Some of the most elite soldiers in the U.S. military are those who are trained as snipers.
These marksmen are trained to operate alone or with a sniper team to maintain visual contact with the enemy and eliminate enemies from concealed positions or distances exceeding the detection capabilities of the enemy.
Last year, a Canadian sniper set a new record for the longest confirmed kill by a military sniper. According to Canadian Special Operations Command, the solider was a member of Joint Task Force 2 and successfully hit a target from 2.2 miles.
At the time of the shooting, Joint Task Force 2 was “providing expertise to Iraqi security forces to detect, identify and defeat Daesh activities from well behind the Iraqi security force front line in Mosul.”
The information released by officials did acknowledge that the sniper used a McMillan TAC-50, a .50-caliber weapon and the largest shoulder-fired firearm in existence.
This same weapon is commonly used by Navy SEALs and its effective firing range is 1,800 meters, around half the distance the Canadian sniper managed.
Former U.S. Army Ranger sniper Ryan Cleckner described it best, calling the feat an “incredible” accomplishment, one that owes as much if not more to the spotter’s expertise as to the shooter’s skill.”
According to Cleckner, “The spotter would have had to successfully calculate five factors: distance, wind, atmospheric conditions and the speed of the earth’s rotation at their latitude.”
This shot took 10 seconds to reach its target and travelled at 792 mph, which is faster than a commercial jet such as a Boeing 747.
There is no question this precise shot took the expertise of the entire sniper team and it was an amazing accomplishment.
Now, I realize most of us won’t ever be in a situation where we need to fire round over 2 miles away.
However, everyone should know some basics of long-range shooting in case you are forced to engage a threat at a longer distance than you typically shoot with your rifle.
For this reason, I want to share with you some basic points of long-distance shooting.
Optics. When people think about long distance shooting they figure they will need to buy an expensive rifle that can do the job.
While that is somewhat true, the most important factor to be successful at long distance shooting is quality optics.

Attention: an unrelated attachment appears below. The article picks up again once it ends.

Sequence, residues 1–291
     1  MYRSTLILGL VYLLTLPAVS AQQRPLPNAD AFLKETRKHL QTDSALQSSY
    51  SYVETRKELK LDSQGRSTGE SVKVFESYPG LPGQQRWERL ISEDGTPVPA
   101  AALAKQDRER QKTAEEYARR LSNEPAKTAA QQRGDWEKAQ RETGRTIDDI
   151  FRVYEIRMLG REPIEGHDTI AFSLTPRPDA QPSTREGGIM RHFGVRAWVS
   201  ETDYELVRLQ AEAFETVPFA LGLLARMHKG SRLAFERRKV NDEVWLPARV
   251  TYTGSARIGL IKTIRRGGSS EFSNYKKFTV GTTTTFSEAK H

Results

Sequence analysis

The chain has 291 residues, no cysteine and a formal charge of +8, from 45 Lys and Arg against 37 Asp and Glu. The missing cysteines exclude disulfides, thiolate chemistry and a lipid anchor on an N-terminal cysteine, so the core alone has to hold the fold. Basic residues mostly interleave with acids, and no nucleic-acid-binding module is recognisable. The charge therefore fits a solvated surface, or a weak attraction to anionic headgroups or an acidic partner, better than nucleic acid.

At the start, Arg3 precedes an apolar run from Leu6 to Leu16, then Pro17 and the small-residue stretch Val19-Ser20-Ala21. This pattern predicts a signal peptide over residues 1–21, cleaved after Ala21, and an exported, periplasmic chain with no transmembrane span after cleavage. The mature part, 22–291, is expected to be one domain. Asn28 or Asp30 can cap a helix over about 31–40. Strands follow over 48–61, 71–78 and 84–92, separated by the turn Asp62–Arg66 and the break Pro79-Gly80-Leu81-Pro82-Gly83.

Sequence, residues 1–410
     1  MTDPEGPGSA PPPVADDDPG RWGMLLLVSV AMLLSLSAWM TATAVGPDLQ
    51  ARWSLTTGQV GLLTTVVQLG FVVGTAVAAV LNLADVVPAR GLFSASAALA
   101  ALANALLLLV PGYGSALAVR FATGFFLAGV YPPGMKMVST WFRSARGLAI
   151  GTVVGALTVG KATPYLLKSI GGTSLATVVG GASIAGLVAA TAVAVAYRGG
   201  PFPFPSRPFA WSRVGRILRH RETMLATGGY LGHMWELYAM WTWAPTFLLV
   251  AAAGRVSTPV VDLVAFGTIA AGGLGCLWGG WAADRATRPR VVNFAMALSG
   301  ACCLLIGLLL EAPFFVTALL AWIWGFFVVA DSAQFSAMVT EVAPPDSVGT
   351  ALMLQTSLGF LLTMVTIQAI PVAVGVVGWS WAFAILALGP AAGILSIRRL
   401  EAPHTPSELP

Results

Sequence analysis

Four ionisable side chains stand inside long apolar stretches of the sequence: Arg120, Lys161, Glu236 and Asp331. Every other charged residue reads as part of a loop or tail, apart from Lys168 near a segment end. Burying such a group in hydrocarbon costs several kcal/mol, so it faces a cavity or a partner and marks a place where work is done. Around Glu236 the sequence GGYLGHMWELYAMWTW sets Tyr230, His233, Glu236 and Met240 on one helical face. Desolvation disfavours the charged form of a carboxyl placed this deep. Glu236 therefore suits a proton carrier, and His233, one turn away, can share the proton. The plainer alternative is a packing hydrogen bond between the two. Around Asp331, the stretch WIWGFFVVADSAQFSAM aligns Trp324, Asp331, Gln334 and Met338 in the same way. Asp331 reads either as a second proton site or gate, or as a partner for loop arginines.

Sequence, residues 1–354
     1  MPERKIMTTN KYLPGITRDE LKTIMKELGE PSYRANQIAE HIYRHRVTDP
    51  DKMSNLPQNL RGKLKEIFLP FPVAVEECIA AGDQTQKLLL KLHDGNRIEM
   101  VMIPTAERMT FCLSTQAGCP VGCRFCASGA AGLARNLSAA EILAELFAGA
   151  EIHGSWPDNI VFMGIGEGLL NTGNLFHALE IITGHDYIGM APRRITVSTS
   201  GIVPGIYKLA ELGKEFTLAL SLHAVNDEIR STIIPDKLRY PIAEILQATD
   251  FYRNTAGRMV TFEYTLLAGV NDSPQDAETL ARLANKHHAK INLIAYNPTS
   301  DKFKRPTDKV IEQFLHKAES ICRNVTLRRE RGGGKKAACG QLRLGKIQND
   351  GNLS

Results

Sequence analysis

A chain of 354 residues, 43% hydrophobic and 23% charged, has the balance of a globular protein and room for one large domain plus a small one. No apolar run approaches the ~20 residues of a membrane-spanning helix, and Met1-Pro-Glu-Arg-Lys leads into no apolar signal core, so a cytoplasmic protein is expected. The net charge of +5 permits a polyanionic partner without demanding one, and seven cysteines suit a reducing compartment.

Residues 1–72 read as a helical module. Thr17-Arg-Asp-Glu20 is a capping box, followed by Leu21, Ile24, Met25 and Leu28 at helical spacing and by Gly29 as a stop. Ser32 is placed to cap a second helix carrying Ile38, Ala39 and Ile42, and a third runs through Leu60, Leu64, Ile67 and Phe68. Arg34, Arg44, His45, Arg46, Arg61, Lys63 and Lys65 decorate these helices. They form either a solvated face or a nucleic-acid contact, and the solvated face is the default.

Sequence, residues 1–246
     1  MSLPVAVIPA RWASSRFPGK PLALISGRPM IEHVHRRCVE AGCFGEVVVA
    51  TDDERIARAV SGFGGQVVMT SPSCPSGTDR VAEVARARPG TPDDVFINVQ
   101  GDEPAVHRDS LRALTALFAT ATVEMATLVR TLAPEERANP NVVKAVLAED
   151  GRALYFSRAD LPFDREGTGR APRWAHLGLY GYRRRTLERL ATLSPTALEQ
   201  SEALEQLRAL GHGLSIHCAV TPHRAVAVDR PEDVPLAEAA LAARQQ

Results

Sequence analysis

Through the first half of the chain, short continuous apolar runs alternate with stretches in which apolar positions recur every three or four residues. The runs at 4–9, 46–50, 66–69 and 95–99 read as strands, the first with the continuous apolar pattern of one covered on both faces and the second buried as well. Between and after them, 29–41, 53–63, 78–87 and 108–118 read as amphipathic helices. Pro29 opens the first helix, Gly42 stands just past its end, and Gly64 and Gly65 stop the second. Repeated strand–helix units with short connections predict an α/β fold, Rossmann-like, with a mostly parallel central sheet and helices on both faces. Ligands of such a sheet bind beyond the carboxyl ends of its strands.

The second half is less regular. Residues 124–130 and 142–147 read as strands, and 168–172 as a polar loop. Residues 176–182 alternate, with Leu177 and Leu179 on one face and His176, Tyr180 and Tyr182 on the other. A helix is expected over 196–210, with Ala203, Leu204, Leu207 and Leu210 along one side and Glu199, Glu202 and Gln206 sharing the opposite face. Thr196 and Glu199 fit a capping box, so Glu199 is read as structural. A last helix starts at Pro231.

In other words, your optics will likely be more expensive than the firearm itself, depending on the specifics of each.
If you are looking for quality optics you may want to check out ones made by Leupold and Vortex and Trijicon.
Wind. One of the hardest parts of long distance shooting is knowing how to read and compensate for the wind.
The thing is, even wind of only a few mph can alter a long-distance shot, which is why reading the wind is a critical skill to learn.
Learning how to read wind and how it affects your shots is going to be gained by practice.
In other words, the more you shoot and know how the wind feels, the better you will become at learning how to compensate for your shots.
Know the range. A common reason many folks fail at their long-distance shots is because they don’t really know that exact range they are firing from.
Oftentimes, especially when hunting, people will make an estimate of the distance, rather than using the gear to get an accurate reading.
For a few hundred dollars you can get a quality range finder that also offers windage adjustments, making your shots much more accurate.
Use a spotter. Anyone who has served in the military knows the importance of having a spotter.
A spotter is so valuable by giving the shooter information including the range, wind call, and scope adjustments.
If you already own a weapon such as an AR-15, consider upgrading the optics and practicing your distance with the right gear.
You’ll be surprised at the distance you can shoot with a few upgrades and an AR-15 can definitely serve multiple purposes when it comes to keeping your family safe.
So, you don’t need to go out and spend a fortune on a fancy new rifle, just use the AR you already own.